Every time I get Juvederm, I develop a little bump, like a bug bite. Is there any way to avoid this?
Why Does Juvederm Leave a Bump After the Injections?
Doctor Answers (18)
Avoid Juvederm bumps with good technique.
It is not the Juvederm that causes the bumps, It's how it is being injected. You need a doctor with a good eye and excellent technique.
A slight bump after Juvederm is normal
When dermal fillers are injected the material expands the surrounding tissue. This is normal, and may cause some raising of the skin surface.
Over a few days this subsides to a flatter surface, while maintaining the cosmetic improvements for the life of the filler. The duration of the filling effect will vary with the type, location, and volume of filler used.
It's the filler (the injector), not the filler (the product)
Technique is critical when injecting fillers. The injection of the product should stop about 1 mm before the needle is removed, otherwise product will be injected too superficially as the needle is withdrawn, creating those little bumps.
Any bumps that are present during the injection session should be massaged out before you leave. Fortunately, over the first day or two, the product absorbs some water from under the skin, and the bumps resolve.
Remember, it's the filler, not the filler. Good luck with your next treatment.
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Juvederm Should Not Leave Lumps or Bumps
Injecting filling agents such as Juvederm or Restylane is very much technique- and physician-dependent. In other words, the doctor must know what he or she is doing, and many do not.
When you inject Juvederm, if it is too deep, it is absorbed by underlying tissues and does not specifically fill the wrinkle. But if you inject too superficially or too close to the surface, you can end up with lumps. Generally, these will go away within a week, but for persistent lumps, you may need to undergo additional injections with an enzyme named hyaluronidase to dissolve the filler material.
Choose your injecting doctor carefully. Make sure he or she is board certified in dermatology, plastic and reconstructive surgery, head and neck surgery or oculoplastic surgery.
Why does Juvederm leave a bump after the injections?
Web reference: http://www.seattlefacial.com
Juvederm Leave a Bump After the Injections
It sounds like the bump is from the injection. It is very common to develop a small scar after being injected, but it should resolve in a few days. Icing the area helps.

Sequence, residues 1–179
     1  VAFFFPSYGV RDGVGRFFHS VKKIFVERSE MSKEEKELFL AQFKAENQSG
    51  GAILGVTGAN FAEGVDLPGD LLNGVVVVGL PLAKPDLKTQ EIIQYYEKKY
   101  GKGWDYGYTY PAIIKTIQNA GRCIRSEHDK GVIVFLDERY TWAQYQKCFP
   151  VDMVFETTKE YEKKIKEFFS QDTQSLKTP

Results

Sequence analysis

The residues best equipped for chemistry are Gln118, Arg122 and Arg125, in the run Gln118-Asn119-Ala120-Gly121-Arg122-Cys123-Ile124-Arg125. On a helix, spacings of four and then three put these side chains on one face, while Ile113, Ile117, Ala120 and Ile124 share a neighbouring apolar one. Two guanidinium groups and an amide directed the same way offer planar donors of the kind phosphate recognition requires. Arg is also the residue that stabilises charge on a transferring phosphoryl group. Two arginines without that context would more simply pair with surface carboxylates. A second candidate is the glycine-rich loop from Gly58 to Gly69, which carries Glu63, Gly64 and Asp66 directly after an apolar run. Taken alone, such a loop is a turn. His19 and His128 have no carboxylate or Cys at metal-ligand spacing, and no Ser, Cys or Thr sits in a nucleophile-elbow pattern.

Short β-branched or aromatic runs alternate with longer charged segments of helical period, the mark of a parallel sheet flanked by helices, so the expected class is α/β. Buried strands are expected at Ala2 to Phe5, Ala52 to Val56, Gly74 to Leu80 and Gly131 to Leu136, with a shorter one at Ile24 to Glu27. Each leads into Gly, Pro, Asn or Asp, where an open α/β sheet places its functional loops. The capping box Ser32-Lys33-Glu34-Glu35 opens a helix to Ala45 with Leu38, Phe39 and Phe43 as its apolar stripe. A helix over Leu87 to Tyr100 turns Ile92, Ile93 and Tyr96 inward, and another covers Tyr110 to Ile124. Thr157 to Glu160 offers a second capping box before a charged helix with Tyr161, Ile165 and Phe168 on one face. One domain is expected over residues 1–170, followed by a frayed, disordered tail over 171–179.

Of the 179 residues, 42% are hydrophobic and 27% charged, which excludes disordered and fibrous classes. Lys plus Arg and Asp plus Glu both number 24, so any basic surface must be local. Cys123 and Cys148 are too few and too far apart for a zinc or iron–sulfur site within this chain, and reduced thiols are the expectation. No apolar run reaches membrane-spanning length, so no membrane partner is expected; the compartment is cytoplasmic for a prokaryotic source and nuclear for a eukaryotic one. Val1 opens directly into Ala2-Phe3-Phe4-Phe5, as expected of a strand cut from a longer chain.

Juvederm: Post injection bumps
Juvederm is a hydrophilic filler, meaning it absorbs water early on. During the early period a slightly palpable bump (but not visible) is a normal outcome. After a few days, any bumps from the filler should be smooth. If bumps persist, the injector may injected too superficially near the skin and placed too much filler in an area as well. Filler injection is as much an art as it is a science.
Web reference: http://www.shahfacialplastics.com/juvederm.html
"Bumps" after Filler Injections
Thank you for your question. In my practice, it is very uncommon for patients to have any palpable lumps or bumps after filler injections. If this is happening each time you receive fillers, with the same practitioner injecting, perhaps you should try out a new injector. There are specific techniques used when placing fillers so that these issues are specifically avoided. Best of luck!
Web reference: http://www.sanfranciscofacialplasticsurgery.com/fillers.php
Why Does Juvederm Leave a Bump After the Injections
If there are bumps present this is usually caused by the injector (Physician) not the dermal filler. If there are some bumpy areas they can be massaged out. Good technique is essential.
Web reference: http://www.drvitenas.com/juvederm-injectable-gel.html
Bump after Juvederm Injection
It isn't actually the juvederm causing a "bump" it is the actual "injection." The better the technique, the less likely this will happen. If it does you can massage it out that first day.
Web reference: http://www.capefearaesthetics.com/details/juvederm-14/
These answers are for educational purposes and should not be relied upon as a substitute for medical advice you may receive from your physician. If you have a medical emergency, please call 911. These answers do not constitute or initiate a patient/doctor relationship.
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